Dec 31, 2019

Huawei ends 2019 with record-high $122 billion in revenue

A Huawei store in Hangzhou, China on Dec. 12, 2019. Photo: Costfoto/Barcroft Media via Getty Images

Chinese telecom giant Huawei said Tuesday that its revenue reached $122 billion in 2019, setting a new record for the company even as it weathers a campaign by the Trump administration to block its global expansion, the Wall Street Journal reports.

Why it matters: Many U.S. officials fear that Huawei's telecom equipment could be used by China for surveillance, and that a 5G equipment market dominated by Huawei would give the authoritarian government in Beijing access to massive amounts of data. The company is just one flashpoint in the escalating U.S. confrontation with China.

The big picture: The Commerce Department placed Huawei on its "entity list" in May, blocking U.S. companies from providing the telecom with chips, software and other components over national security concerns.

  • In November, the Trump administration granted waivers to some U.S. companies to sell to Huawei. The blacklisting overall didn't prove to be as harmful as expected, as many U.S. companies assemble chips overseas, the WSJ notes.
  • Huawei had aimed for $130 billion in revenue in 2019, but lowered expectations in August to a sum closer to its 2018 mark — $105 billion. The company's estimated 2019 revenue of 850 billion Chinese yuan, or roughly $122 billion, is unaudited.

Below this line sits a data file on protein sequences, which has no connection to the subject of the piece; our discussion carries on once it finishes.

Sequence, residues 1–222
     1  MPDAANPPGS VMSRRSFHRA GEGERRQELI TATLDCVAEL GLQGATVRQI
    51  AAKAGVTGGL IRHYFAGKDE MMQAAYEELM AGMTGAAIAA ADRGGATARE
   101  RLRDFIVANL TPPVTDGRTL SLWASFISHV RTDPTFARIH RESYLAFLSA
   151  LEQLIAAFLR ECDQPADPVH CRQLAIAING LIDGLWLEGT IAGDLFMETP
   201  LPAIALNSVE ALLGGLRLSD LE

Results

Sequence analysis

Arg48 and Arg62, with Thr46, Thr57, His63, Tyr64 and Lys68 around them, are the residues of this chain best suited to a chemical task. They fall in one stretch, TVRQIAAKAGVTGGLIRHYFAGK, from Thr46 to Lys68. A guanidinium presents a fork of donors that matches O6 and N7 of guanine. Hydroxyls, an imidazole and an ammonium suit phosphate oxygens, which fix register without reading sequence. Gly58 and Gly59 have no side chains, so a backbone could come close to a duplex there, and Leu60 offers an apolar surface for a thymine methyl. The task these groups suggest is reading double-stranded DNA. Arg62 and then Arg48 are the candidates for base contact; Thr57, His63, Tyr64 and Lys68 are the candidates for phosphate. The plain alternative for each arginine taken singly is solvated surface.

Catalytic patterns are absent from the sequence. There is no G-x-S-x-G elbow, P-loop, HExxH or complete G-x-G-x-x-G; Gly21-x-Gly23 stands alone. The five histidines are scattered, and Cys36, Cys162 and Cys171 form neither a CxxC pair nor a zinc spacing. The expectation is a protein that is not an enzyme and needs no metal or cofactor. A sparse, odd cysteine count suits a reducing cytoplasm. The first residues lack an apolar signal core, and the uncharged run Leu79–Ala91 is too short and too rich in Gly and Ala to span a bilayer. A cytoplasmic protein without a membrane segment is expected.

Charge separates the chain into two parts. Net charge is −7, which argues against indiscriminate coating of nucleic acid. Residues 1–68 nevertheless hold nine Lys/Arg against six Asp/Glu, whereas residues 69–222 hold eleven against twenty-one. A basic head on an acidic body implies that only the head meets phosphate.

What's next: "Survival will be our first priority" in 2020, Huawei’s chairman, Eric Xu, told employees in a New Year's message. Xu expects Huawei to remain on the "entity list" and projects that next year will be difficult, with less rapid growth than the first half of 2019.

Go deeper: Why Huawei is the United States' 5G boogeyman

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Europe feels the squeeze over Huawei

Huawei CEO Ren Zhengfei. Photo: Fabrice Coffrini/AFP via Getty Images

European countries are caught in the middle of dueling pressure campaigns from the U.S. and China over whether to let equipment made by Chinese manufacturer Huawei into their 5G networks.

Why it matters: It's a "damned if you do, damned if you don't" choice that could leave Europe alienating a major trading partner either way.

Go deeperArrowJan 22, 2020

Huawei threatens America's closest relationship

Illustration: Aïda Amer/Axios. Photos: Leon Neal/Getty Staff, Fabrice Coffrini/Getty Contributor

British Prime Minister Boris Johnson is inching toward a decision that could profoundly harm the "special relationship" between Britain and the United States under President Trump.

Driving the news: Johnson is expected to decide, as soon as this week, whether to defy Trump's request that he ban Chinese technology giant Huawei from the U.K.'s 5G wireless network.

Go deeperArrowJan 26, 2020

U.K. allows Huawei to build part of 5G network

Prime Minister Boris Johnson on Jan. 27. Photo: Daniel Leal-Olivas-WPA Pool/Getty Images

The United Kingdom on Tuesday announced Chinese telecommunications giant Huawei will build part of the country's next generation 5G mobile networks.

Why it matters: The United States along with numerous Conservative MPs have repeatedly warned the U.K. that Huawei is a national security risk, claiming that China could use its equipment for espionage. It's a sign the U.S. campaign against Huawei is faltering as allies open their markets.

Go deeperArrowJan 28, 2020